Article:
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Ruth Viola Hyry

My mother, Ruth Viola Hyry, was born on December 13, 1909 in Champion, Michigan and I, David, one of her two sons, was also born on December 13, in 1937, on her birthday. Walter Alan, my brother, was born four years later. Mother was a sibling of ten children of Saima Kopakka Beck and Charles Hyry.

Her father was born in the United States, her mother in Finland. Five brothers and four sisters made her upbringing difficult. Her father was killed in an accident while working for Champion Mining Company when she was 12, and she was never able to reconcile this loss.

Mother attended Suomi College (now Finlandia University), taking a business course. She won second place in a typing contest covering the entire state of Michigan. Wishing to obtain employment as a government secretary, she traveled to Detroit but was unable to find a job.

She told of her frustration and decision to work as a maid. Her first job working for a Jewish family was not pleasant so she quit and placed an ad in the newspaper seeking further employment but stating in the ad, “gentiles only.” She was quickly called by a Mrs. Levin, inquiring why she had placed such an ad. She explained her previous experience and was invited by Mrs. Levin to come to their home, where she would have a different experience.

She did, and was accepted as a member of the family—including taking meals at the family table. When she was able to obtain government employment as a secretary, she resigned and was sadly missed by the Levin family. This experience became family lore and was the basis for her sons being raised without prejudice against others with differences.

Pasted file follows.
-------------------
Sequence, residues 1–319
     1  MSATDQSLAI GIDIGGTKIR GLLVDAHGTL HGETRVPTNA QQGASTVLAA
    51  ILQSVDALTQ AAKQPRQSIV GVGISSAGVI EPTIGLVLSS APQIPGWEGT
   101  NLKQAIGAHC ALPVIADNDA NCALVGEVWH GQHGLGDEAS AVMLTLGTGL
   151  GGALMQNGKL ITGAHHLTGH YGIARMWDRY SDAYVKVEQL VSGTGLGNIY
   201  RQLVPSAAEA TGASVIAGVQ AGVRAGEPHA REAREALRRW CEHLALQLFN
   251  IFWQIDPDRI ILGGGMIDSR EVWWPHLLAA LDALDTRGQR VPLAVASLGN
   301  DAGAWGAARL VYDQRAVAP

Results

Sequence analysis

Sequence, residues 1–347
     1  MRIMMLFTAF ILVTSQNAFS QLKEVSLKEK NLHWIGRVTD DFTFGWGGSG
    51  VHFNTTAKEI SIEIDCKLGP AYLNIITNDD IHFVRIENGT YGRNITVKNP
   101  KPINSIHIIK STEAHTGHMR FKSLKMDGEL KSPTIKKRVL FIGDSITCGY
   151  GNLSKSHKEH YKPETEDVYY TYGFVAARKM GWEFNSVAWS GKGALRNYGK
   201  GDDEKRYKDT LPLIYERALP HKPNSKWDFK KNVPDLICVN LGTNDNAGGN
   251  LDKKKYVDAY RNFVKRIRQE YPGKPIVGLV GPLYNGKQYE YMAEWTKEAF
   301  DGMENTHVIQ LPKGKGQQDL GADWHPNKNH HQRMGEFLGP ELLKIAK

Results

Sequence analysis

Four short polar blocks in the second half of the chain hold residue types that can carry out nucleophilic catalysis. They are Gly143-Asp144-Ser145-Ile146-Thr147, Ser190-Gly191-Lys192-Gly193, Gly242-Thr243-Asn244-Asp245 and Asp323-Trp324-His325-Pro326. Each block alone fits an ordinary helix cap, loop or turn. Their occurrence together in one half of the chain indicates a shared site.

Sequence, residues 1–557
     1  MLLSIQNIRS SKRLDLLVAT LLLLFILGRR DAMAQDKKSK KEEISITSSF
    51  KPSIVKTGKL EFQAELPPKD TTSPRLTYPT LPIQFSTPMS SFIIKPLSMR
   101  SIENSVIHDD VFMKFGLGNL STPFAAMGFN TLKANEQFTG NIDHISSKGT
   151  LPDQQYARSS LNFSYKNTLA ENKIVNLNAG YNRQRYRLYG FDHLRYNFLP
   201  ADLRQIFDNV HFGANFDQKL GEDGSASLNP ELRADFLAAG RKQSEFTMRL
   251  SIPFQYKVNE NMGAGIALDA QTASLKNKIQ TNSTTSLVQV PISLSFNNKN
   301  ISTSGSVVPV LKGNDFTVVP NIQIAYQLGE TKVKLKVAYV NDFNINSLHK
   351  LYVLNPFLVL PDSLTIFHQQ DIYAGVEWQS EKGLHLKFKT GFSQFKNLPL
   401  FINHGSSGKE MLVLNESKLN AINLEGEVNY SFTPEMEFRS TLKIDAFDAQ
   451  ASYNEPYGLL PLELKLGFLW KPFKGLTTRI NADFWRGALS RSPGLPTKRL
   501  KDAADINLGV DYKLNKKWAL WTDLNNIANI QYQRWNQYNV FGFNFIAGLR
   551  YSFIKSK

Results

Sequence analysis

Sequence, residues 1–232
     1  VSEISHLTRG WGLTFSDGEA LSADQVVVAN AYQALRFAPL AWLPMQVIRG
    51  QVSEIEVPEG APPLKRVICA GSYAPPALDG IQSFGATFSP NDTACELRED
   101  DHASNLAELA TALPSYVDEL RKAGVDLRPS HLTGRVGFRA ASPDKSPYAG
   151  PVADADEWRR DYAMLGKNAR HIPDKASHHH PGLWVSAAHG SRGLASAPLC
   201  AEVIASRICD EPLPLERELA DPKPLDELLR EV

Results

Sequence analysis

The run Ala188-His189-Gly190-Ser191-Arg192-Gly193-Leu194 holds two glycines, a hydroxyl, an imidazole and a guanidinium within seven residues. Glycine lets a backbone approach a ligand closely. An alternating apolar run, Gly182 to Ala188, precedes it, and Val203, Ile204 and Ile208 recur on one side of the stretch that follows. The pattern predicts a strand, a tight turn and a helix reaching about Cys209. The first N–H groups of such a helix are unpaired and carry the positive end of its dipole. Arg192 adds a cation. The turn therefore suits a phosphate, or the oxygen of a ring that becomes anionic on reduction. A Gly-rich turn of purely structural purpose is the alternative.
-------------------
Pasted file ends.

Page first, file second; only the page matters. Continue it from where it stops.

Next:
During her time as a secretary, mother had the opportunity to travel the State of Michigan with federal attorneys who were purchasing farmland which had previously been forested with white pine trees. The fanned-out land was being sold during the Depression. She spoke of this experience, using her secretarial skills, as the happiest time of her life.

Mother married our father, Clarence Millard Sharpe, in 1932. He wasn’t of Finnish heritage, so my brother and I had only a limited connection with Finnish culture during our upbringing. Mother was fluent in the Finnish language but we were not taught Finnish. Mother did continue the Finnish-American custom of making delicious pasties, a meat pie, adapted from the Cornish people in the Upper Peninsula. Contacts with our Finnish relatives was occasional, but offered an opportunity to hear the Finnish language spoken.

Mother worked in my father’s music business. She selected the records for each location and typed the labels used in the record machines. Father was away a lot and mother enjoyed her pastime, reading. Mother found great pleasure in being spirited away through reading and her imagination. She believed in “automatic writing,” and spent many hours attempting communication with lost relatives and friends.

She never learned to drive a car although efforts were made to provide instruction. Mother wrote a book about her early life experiences, and repeatedly tried to have it published, but was unsuccessful. Several copies were printed for her by the family.

My mother, Ruth Viola Hyry Sharpe, was a kind and gentle lady loved by all who knew her. She passed away in her 89th year of life in southeastern Michigan.

David Sharpe